My cousins and I were once asked to heard some chickens. It was a joke on us.

Chickens won’t heard. 

boy and chickens
Not me or the chickens I chased, but close, really very close.

Other Animals Difficult to Heard

  • lizards
  • goats
  • badgers
  • humming birds
  • small children  . 

Last Night

We tried something different. We asked our Life Groups to come to the building. They didn’t all come, but 16 groups did and about 250 people gathered. We had to set up more tables and chairs. We talked and visited and enjoyed seeing everyone. There was a fun table game for everyone to do.

FullSizeRender   FullSizeRender[3]

Then we stood and lined the four walls of the gym. We were crowded and people stood shoulder to shoulder and two and three deep. We sang a few songs, had a prayer, and then left to have our Life Group meetings in classrooms. It was organized for two groups to meet together, an older and a younger, it was inner-generational. The teens, middle schoolers and children had their own events. 

It was simply marvelous. 

FullSizeRender[6]   FullSizeRender[4]

The Connection

People got acquainted that had never met. We each shared a few thoughts about ourselves. We laughed a lot and realized how much we all had in common, from people in their 30’s to people in their 80’s. 

We called the event, “The Circle.” 

Jesus had circles. His apostles were a circle of followers. Among them were a smaller circle of three: Peter, James and John. He also had a close circle of friends: Lazarus, Martha and Mary, a family of a brother and two sisters. Jesus often stayed in their home. 

To close

Crowds can be unruly. Goats will find their own way. Kids run and play. Getting any group of people to cooperate can be challenging. 

But last night, we had the Circle and then had smaller circles. It was tremendous. I enjoyed people of all ages and could easily see Jesus in their lives.

It wasn’t like the chickens at all!

Shalom

Even His Clothes

Labor Day

Sure, why not? Let’s have a national day of non-labor.

 Labor Day was created by the labor movement and inaugurated as a federal holiday in 1894. For a 124 years we’ve recognized the first Monday in September as Labor Day. Congratulations, you don’t have to go to work.

The Timing

I find the timing interesting. After three months of Americans taking time off for vacations, trips, and get aways, we enter September with a day off of work. Banks are closed, schools are closed (having just started). Federal offices are closed, no mail.  

You know who isn’t closed today:

  • Starbucks
  • Home Depot & Lowe’s
  • Denny’s 

So it isn’t all bad. Even on Labor Day you can get a cup of coffee, a Grand Slam breakfast, and whatever you need for home care and repair, so labor on. 

My Labor

I’ve labored, here’s a partial list:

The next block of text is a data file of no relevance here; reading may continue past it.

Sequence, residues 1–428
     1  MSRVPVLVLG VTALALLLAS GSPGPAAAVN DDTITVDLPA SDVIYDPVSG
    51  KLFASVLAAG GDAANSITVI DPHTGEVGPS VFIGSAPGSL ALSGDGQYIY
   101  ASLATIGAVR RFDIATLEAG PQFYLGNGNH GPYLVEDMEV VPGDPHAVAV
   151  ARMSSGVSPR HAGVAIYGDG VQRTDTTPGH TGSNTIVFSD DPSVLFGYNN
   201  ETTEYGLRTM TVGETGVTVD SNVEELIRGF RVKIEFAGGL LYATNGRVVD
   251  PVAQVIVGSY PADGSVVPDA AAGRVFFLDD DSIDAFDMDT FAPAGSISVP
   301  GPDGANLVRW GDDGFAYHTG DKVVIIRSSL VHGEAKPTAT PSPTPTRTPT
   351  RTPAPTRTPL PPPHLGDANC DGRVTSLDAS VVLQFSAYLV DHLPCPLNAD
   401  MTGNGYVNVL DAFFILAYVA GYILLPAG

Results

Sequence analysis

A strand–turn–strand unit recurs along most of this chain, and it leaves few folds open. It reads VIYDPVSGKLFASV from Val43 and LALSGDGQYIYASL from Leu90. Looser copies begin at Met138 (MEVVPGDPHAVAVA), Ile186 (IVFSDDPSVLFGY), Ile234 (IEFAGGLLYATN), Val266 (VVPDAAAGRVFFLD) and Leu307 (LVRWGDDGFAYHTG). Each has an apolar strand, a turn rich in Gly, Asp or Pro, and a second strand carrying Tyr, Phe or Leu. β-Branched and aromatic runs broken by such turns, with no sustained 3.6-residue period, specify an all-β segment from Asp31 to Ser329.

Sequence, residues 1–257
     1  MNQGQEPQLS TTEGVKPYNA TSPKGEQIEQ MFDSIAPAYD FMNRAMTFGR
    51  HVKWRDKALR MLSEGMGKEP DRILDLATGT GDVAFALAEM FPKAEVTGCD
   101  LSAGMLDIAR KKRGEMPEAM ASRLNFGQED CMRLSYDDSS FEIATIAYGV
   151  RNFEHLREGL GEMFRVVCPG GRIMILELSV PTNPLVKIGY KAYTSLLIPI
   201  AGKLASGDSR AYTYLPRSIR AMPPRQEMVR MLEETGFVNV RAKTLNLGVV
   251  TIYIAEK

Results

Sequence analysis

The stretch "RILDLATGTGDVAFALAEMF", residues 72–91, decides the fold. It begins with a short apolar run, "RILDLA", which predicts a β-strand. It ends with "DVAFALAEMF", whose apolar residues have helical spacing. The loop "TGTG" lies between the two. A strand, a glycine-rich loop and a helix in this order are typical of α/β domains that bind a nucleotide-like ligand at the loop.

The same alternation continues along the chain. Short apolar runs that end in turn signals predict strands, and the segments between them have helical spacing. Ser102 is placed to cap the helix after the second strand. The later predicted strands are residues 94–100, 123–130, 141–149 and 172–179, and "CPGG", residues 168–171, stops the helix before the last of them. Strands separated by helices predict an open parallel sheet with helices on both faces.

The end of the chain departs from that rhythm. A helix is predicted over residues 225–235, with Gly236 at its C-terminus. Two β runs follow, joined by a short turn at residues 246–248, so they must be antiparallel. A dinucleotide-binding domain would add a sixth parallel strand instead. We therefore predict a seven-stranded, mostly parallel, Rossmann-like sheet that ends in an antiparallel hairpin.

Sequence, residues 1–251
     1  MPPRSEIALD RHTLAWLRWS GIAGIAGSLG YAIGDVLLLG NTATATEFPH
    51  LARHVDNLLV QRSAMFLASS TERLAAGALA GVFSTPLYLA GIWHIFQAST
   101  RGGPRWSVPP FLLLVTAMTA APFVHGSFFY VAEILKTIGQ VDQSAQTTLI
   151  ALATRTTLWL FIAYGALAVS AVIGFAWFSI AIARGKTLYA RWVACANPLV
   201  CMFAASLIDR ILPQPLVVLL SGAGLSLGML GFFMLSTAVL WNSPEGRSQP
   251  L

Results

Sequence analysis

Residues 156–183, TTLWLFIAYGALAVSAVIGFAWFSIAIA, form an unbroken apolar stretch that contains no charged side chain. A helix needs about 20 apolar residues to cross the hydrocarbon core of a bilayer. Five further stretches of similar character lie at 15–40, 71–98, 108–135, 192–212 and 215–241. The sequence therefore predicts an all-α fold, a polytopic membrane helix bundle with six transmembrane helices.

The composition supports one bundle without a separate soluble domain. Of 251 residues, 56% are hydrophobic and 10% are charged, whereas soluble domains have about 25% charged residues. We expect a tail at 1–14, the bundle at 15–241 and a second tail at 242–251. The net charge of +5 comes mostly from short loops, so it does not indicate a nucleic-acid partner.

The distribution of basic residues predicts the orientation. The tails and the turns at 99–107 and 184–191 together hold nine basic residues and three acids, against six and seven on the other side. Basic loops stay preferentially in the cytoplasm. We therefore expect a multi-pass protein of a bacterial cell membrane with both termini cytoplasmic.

• 8th grade I did yard care for my Bible Class teacher.
  • 9th grade I used a hoe to weed crop fields.
  • 10th grade I worked on two different farms and a hog farm. 
  • 11th grade I put up hay bales, all summer long.
  • 12th grade I worked after school at the Skelly Gas Station out on the hi-way.

I earned $1.00 an hour for weeding fields. Farm work got $1.25 an hour. The Skelly Station paid a $1.50 an hour, It was skilled labor! 

And Now?

Well, now I’m the Senior Minister for the Southeast Church of Christ in Friendswood, Texas, a very pleasant Houstonian suburb. It’s a great job and I’m blessed to have it.

Reasons for feeling blessed:

  • I have a job instead of being unemployed.
  • I make more than a $1.50 an hour.
  • Only work one day a week. (as some suggest)
  • It’s a great church
  • Get to work with a phenomenally gifted staff.

 

And Jesus?

Was Jesus ever employed? Scripture says he was a carpenter, which is a bit confusing since the word translated as “carpenter” actually means builder. Most building in Palestine was done with stone. Was he ever paid? 

He once said that he had no place to lay his head. People gave money for he and his apostles to travel and minister; and we know Judas stole from the fund, but was that gainful employment? 

At his death Jesus owned nothing. Even the clothes on his back were taken. With outstretched arms he hung naked on the cross and the King of Kings owned nothing; no money, property, or possessions.

He preached, healed and ministered to the masses, all for no charge. He never asked for anything. Well, he once asked a woman for a drink of water.

Thank you Jesus. You were the son of Joseph, the son of David, the Son of God. You were the Lamb that gave his life. You were the perfect sacrifice to bring us back to God. You  labored to get it all done and get it done you did, you even said so:

“It is finished.”
And then you died.

The Bible

Happy Labor Day

Which One Are You?

Sponge, Funnel, Strainer and Sifter

sponge  funnel  strainer  sifter 2

 

What?

From the Rabbinical Jewish Talmud, there are four types of students, or hearers, who sit among the Rabbis.